COS 148-1 - Nitrogen trace gas emissions respond to seasonal variation in precipitation and ecosystem type conversion in semi-arid shrublands

Thursday, August 10, 2017: 1:30 PM
B117, Oregon Convention Center
Holly Andrews, Department of Biology, University of California, Riverside and G. Darrel Jenerette, Department of Botany and Plant Sciences, University of California, Riverside, CA

Recent attention to nitrogen (N) cycling in arid and semi-arid ecosystems has revealed nitrification and denitrification can increase rather quickly following infrequent precipitation events and can result in large fluxes of N trace gases in areas of high N deposition. In the southwestern United States, widespread conversion from shrublands to exotic grasslands has potentially increased the quality and quantity of litter entering the soil following senescence and may increase rates of nitrification, denitrification, and gaseous emissions. However, changes in timing of senescence from perennial shrubs to annual grasses may alter the temporal release of pollutant nitrogen oxides (together known as “NOx”) and greenhouse gas nitrous oxide (N2O). We therefore ask the question: How do N trace gas emissions respond to seasonal variation in precipitation as semi-arid shrublands convert to exotic grasslands? To test this question, we conducted a factorial field study at Motte Rimrock Reserve (Perris, CA) in which we manipulated litter quantity and quality in coastal sage scrub- and grass-dominated plots. We performed experimental water additions to plots during the rainy and dry seasons in Summer 2016- Winter 2017 and measured NOx and N2O fluxes from plots at various time intervals over a 24-hour period of drydown.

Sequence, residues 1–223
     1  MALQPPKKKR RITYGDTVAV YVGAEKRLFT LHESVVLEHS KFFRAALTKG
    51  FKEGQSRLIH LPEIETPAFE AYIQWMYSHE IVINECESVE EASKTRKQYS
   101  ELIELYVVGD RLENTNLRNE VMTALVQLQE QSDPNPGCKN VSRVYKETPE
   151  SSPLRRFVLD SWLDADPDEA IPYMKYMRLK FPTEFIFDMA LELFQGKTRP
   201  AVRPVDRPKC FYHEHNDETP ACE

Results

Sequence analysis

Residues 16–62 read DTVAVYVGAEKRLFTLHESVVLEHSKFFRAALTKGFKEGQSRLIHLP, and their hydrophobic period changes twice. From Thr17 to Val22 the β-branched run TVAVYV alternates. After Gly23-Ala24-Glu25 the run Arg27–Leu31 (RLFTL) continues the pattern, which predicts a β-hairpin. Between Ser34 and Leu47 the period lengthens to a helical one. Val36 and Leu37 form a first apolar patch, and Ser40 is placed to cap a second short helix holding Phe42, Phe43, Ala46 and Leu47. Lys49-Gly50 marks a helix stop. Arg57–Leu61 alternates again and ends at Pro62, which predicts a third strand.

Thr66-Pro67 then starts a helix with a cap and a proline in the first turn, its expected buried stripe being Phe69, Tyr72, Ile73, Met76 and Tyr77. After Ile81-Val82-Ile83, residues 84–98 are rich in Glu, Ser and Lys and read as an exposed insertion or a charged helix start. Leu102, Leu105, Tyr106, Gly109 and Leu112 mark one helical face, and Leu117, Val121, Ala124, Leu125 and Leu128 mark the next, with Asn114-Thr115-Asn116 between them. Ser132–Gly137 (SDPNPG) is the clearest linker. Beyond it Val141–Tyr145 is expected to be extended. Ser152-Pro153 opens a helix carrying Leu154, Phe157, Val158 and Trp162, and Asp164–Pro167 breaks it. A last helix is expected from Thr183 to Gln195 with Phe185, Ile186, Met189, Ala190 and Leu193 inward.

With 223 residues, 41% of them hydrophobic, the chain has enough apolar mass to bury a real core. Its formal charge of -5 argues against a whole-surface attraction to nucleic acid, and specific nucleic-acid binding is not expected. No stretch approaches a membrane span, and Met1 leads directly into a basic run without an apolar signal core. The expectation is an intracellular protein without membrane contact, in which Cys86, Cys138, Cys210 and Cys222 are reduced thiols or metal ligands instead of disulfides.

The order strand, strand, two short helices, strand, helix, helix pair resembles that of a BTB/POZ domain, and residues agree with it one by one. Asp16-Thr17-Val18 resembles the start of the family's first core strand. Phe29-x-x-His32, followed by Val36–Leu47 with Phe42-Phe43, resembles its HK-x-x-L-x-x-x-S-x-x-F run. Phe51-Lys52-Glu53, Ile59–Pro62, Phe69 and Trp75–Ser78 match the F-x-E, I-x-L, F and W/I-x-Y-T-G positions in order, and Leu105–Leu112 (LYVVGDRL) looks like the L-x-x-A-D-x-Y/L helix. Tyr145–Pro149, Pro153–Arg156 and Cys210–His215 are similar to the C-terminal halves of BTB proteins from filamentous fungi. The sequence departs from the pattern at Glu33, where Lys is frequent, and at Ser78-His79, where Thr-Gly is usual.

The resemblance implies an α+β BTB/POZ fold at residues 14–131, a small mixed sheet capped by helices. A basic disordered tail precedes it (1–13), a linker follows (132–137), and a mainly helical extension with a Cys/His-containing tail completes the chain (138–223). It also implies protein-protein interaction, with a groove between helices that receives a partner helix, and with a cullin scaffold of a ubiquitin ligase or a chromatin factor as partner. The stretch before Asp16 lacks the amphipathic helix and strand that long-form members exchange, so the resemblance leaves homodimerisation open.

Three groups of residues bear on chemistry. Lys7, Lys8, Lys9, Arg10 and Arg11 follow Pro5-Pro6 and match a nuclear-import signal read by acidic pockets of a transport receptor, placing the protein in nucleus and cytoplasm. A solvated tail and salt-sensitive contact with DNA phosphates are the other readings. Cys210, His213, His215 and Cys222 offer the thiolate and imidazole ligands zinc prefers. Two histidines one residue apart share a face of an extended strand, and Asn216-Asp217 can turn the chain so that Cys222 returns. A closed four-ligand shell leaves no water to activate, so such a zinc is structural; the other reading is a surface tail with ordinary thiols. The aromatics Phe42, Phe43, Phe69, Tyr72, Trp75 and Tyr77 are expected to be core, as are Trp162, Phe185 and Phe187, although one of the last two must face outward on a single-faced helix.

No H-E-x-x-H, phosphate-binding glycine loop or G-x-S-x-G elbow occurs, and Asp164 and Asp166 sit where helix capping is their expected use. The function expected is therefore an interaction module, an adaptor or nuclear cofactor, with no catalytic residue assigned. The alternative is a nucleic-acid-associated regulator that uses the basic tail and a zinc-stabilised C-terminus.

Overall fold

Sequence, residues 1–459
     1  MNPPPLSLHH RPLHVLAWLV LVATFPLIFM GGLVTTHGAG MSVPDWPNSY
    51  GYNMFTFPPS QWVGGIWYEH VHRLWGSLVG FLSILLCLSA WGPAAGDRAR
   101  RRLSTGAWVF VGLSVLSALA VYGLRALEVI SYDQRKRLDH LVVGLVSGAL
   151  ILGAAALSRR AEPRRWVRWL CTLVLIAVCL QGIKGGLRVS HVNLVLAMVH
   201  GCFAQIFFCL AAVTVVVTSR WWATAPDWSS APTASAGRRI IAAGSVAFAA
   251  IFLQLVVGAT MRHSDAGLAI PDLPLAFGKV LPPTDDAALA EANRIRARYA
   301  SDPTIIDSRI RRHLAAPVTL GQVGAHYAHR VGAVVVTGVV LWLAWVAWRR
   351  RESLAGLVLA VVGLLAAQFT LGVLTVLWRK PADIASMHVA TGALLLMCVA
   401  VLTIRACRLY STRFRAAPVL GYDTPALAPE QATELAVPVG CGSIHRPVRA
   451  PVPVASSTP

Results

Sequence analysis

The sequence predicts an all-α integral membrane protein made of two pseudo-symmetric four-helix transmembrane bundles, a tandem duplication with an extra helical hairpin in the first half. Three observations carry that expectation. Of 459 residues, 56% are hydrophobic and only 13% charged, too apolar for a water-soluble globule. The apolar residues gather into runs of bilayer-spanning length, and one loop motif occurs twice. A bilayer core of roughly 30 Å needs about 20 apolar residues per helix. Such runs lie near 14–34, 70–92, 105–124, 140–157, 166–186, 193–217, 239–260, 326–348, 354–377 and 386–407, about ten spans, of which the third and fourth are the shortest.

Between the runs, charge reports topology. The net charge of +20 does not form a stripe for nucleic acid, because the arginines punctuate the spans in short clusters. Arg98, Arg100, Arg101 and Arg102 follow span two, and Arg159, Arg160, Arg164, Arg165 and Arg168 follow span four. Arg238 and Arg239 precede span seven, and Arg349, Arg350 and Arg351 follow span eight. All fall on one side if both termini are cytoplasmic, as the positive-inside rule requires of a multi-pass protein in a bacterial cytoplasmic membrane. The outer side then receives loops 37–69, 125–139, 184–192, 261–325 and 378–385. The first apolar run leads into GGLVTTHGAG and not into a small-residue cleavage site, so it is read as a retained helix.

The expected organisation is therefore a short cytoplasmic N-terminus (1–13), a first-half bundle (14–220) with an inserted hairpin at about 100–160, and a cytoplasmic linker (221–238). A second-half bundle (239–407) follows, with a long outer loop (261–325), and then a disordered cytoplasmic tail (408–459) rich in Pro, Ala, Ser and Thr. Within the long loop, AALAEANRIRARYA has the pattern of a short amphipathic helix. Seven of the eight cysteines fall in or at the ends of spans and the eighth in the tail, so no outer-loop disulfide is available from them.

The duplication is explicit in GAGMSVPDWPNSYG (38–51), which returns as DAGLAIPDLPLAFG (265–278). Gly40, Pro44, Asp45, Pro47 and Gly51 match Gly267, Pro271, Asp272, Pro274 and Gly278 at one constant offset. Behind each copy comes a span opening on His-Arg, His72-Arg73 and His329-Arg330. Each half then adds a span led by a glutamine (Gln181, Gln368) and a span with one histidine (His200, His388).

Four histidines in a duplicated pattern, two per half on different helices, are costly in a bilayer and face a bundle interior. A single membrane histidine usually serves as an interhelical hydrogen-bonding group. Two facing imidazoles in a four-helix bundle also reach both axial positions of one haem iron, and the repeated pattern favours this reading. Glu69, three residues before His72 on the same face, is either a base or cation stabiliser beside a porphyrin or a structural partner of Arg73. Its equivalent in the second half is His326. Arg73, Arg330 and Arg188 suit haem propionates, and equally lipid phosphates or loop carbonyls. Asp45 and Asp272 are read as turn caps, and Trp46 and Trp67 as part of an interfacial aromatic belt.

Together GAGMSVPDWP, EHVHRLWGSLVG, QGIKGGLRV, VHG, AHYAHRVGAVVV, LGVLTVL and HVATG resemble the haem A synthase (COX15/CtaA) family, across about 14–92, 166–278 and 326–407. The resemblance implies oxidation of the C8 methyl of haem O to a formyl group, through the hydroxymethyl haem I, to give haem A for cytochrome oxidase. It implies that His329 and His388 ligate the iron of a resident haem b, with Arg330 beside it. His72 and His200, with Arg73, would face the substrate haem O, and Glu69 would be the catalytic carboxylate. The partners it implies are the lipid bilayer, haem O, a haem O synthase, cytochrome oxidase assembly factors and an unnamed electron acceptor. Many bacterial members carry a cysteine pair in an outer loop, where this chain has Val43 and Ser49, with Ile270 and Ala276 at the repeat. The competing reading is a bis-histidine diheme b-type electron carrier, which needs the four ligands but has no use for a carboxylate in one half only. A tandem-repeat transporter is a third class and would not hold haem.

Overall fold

NOx and N2O emissions peaked at different times post-wetting; N2O peaked within an hour of experimental wetting and fell to pre-wetting levels within 24 hours, while NOx peaked approximately 6 hours after wetting and remained elevated after 24 hours (in other unpublished studies, we found that NOx remained elevated in this system even after 48 hours). Emissions were higher following experimental wetting in the summer than in the winter for both NOx and N2O; this could be because N that was stored during a dry period was then processed quickly and released, or it could be that nitrification and denitrication are less efficient during infrequent wet-up/dry-down cycles. Future work will more fully quantify nitrification and denitrification to resolve this question. Further, N2O responded more strongly to litter manipulations than did NOx. Regardless of dominant live vegetation in the plot, N2O emissions were highest in plots with added grass litter compared to those of added shrub litter and no added litter. We conclude that the combination of seasonal rains and ecosystem type conversion alter ecosystem feedbacks to climate, with infrequent summer rains driving larger immediate pulses of N trace gases and conversion to grasslands driving more pronounced emissions of N2O.